Researchers Battle Discrimination, Part 1: Higher Education
Bias holds back researchers of different backgrounds when sharing findings.
Posted Feb 06, 2019
When you play Clue, you only get to hold some of the game’s cards in your hands. You need to ask other players about the cards they hold in order to learn enough information to win. The research community is just like this: Everyone studying a particular issue holds some cards of knowledge, and if you don't seek to learn what everyone knows then you’ll never know the full picture.
Diverse voices – stemming from diverse perspectives – need to be welcome for fields to benefit from all research available. However, bias against women and people of color is evident in invitations to contribute in scholarly arenas, nominations for awards, invitations to conferences, forming professional collaborations, and other avenues essential to professional advancement (Holmes, O’Connell, & Dutt, 2015). LGBT+ individuals also face these obstacles when they seek to share research.
Scholarly communities are not free of biases found in the professional arena as a whole, such as:
- People of color, as well as women and LGBT+ individuals, experience workplace slights, indignities, and denigrating messages on a daily basis that cause harm personally and professionally (Sue, 2010).
- Traits such as leadership that are praised when seen in men are criticized (e.g., characterized as “bossy”) when seen in women, and women who display professional ambition are perceived in a negative way in our society and are actually penalized for reaching high (Sandberg, 2013).
- Women of color, in particular, experience the greatest bias yet receive the least support in the workplace (LeanIn & McKinsey, 2017).
Books and journals are full of study findings such as those above. It is important to be aware of such obstacles, and how they manifest themselves in scholarly communicates, so researchers can be conscientious in overcoming them as we seek to share findings.
Higher education faculty shape much of a field’s literature, dialogue, and direction. A study of 6,500 professors at top U.S. universities revealed faculty are significantly likely to discriminate against (such as turn down meeting requests from) women and people of color (Milkman, Akinola, & Chugh, 2015). Other countries hold similar findings. In the United Kingdom, 73% of students and staff taking the Race Equality Survey rated their universities’ performance on race equality as “poor” or “very poor” (Parr, 2014).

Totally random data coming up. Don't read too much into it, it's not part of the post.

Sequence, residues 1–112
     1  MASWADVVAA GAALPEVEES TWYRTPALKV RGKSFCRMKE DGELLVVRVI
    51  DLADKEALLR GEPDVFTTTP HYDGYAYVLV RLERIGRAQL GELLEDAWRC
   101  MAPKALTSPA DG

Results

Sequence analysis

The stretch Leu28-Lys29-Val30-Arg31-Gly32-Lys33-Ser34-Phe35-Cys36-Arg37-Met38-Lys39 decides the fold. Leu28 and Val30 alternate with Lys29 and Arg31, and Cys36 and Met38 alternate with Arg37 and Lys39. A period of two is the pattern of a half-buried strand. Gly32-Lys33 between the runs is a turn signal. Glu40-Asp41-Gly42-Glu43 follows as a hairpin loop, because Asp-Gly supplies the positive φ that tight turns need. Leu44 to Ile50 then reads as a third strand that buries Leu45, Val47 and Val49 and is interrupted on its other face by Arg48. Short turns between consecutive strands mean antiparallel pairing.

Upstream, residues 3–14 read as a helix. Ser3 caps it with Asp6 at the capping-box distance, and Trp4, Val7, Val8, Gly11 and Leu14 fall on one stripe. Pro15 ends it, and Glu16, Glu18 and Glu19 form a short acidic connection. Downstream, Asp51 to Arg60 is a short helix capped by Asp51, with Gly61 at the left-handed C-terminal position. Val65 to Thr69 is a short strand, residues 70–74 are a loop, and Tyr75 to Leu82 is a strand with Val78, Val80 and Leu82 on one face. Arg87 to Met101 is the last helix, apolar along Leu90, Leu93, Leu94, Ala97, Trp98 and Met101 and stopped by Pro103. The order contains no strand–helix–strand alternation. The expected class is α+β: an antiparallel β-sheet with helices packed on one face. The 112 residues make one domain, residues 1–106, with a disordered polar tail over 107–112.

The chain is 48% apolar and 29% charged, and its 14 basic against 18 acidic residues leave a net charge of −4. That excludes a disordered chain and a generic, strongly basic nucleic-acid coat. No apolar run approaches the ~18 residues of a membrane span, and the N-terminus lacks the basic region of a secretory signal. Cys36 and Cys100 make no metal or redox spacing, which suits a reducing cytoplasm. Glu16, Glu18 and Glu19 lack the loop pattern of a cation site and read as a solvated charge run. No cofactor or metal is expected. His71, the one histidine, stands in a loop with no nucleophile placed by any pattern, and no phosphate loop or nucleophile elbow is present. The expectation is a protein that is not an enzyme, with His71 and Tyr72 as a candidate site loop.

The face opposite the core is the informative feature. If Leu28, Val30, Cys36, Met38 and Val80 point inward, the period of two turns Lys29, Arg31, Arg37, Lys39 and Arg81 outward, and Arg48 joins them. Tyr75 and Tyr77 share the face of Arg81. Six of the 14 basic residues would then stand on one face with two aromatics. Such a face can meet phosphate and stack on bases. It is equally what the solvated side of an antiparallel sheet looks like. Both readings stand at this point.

Only 30% of public (32% of private) university professors are female, and only 13% of public (12% of private) university professors are not White (Milkman et al., 2015). Women in academia are more likely to experience discrimination in the workplace than men and are less likely to serve in researcher and professor roles, and faculty members of color are more likely to be excluded from vital information sharing than white faculty members (Reeve & Partridge, 2017).
Higher education board members are almost entirely heterosexual; statistically speaking, it is harder for an LGBT+ individual to serve on a public university’s governing board than it is to get elected to a state legislature (Trammell, 2014). Those possessing leadership roles in higher education are more frequently in positions to decide what research gets shared (such as by serving on boards, as journal editors, as conference officials, as paper reviewers, in media newsbytes, etc.). As much as researchers study diversity, we are not showing enough value for diversity in scholarly leadership positions.
This post covered ways in which research is underserved when traditionally marginalized groups face bias, particularly within the higher education arena. Part 2 covers obstacles such groups face in publishing, as well as areas of progress.
Holmes, M. A., O'Connell, S., & Dutt, K. (2015). Women in the geosciences: Practical, positive practices toward parity. Washington, DC: Wiley.
LeanIn, & McKinsey. (2017). Women in the workplace. Retrieved from https://womenintheworkplace.com
Milkman, K. L., Akinola, M., & Chugh, D. (2015, November). What happens before? A field experiment exploring how pay and representation differentially shape bias on the pathway into organizations. Journal of Applied Psychology, 100(6), 1678-712. doi: 10.1037/apl0000022.
O'Conor, L. (2015, February 11). Where are all the female headteachers? The Guardian. Retrieved from www.theguardian.com/women-in-leadership/2015/feb/11/lack-of-female-headteachers-gender-diversity-education
Parr, C. (2014, April 6). Race discrimination in universities still a problem, reports survey. Times Higher Education. Retrieved from www.timeshighereducation.com/news/race-discrimination-in-universities-still-a-problem-reports-survey/2012474.article
Reeve, M. A., & Partridge, M. (2017, September 6). The use of social media to combat research-isolation. Annals of the Entomological Society of America, 110(5), 449-456. doi: 10.1093/aesa/sax051
Sandberg, S. (2013). Lean in: Women, work, and the will to lead. New York, NY: Alfred A. Knopf.
Sue, D. W. (2010). Microaggressions in everyday life: Race, gender, and sexual orientation. Hoboken, NJ: John Wiley & Sons.
Trammell, J. B. (2014, May/June). LGBT challenges in higher education today: 5 core principles for success. Trusteeship Magazine: Association of Governing Boards of Colleges and Universities. Retrieved from www.agb.org/trusteeship/2014/5/lgbt-challenges-higher-education-today-5-core-principles-success